Almost 80 per cent of West Australians believe WA workers will lose out if Federal Labor continues to support the ACTU’s east coast centric proposal to force a 5 per cent minimum wage increase on small businesses.
Patterson Research Group state-wide polling of 906 West Australians, commissioned by the Chamber of Commerce and Industry WA (CCI), has revealed that 78 per cent of West Australians believe small businesses would be forced to reduce existing workers hours, reduce their number of employees or delay hiring new workers if a 5 per cent wage increase was introduced.
This backs a recent CCI survey of WA businesses which found that 76 per cent of WA businesses expect jobs will be lost, hours cut or hiring delayed if Federal Labor proceeds with supporting the ACTU’s living wage proposal.
Last month, Opposition Leader Bill Shorten claimed that the feedback from business on his policy was just “fairy tales spun by the vested interests of big business”. It is no longer just the business community providing the feedback. The overwhelming majority of WA households agree that Federal Labor’s living wage policy would impact employment in WA.
Economic conditions in WA are completely different to those in New South Wales or Victoria. WA small businesses cannot afford these proposals put forward by Federal Labor.
More West Australians believe tax cuts for business is the best way to increase wages without job losses than any other method (57%), including 45 per cent that believe the tax cuts should be for small businesses. Just 13 per cent of West Australians believe increasing the minimum wage is the answer.
Fifty-four per cent of West Australians believe proposed forced increases to the minimum wage could cause job losses elsewhere in the WA economy and only 20 per cent support increasing the minimum wage if it costs another person their job. Seventy per cent believe businesses would be forced to increase their prices at a time when cost of living is the number one concern to West Australians.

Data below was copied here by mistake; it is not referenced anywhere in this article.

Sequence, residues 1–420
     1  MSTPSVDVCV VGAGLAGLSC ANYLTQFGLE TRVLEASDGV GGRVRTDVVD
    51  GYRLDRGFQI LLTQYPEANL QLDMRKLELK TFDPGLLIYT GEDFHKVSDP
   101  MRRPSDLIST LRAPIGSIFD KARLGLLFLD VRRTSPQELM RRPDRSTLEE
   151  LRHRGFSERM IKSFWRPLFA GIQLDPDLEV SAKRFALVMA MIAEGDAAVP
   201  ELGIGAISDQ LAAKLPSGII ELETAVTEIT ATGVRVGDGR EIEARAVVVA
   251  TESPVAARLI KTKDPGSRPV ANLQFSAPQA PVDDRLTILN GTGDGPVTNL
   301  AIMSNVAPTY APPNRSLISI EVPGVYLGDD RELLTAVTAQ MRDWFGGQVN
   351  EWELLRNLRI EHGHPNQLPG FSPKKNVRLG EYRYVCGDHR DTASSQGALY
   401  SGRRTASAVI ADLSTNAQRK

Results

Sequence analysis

This is precisely the worst time to increase the cost of living in WA and make it more expensive for WA’s small businesses to create jobs. WA has the second highest unemployment rate in the country, business investment is forecast to fall a further 15 per cent and there a still more people leaving WA for the east coast than are arriving. Business confidence has stopped growing and consumer confidence is down.
West Australians have been doing it tough since the mining construction downturn and so too have WA businesses. Since 2013, most WA businesses have been experiencing challenging economic conditions where operating margins have been eroded and growth constrained, with small businesses bearing the brunt of weak consumer demand and rising labour costs.
CCI’s Small Business is a Big Deal campaign – a grassroots movement supported by Chambers of Commerce and Industry Associations in every part of the country – is committed to highlighting what small business needs from the next Federal Government to grow and support the millions of Australian workers they employ.
CCI urges Federal Labor to reverse its proposal to introduce a living wage and instead stick to its commitment to supporting small business through tax relief, as backed by the majority of West Australians, to boost employment and sustained wages growth over time.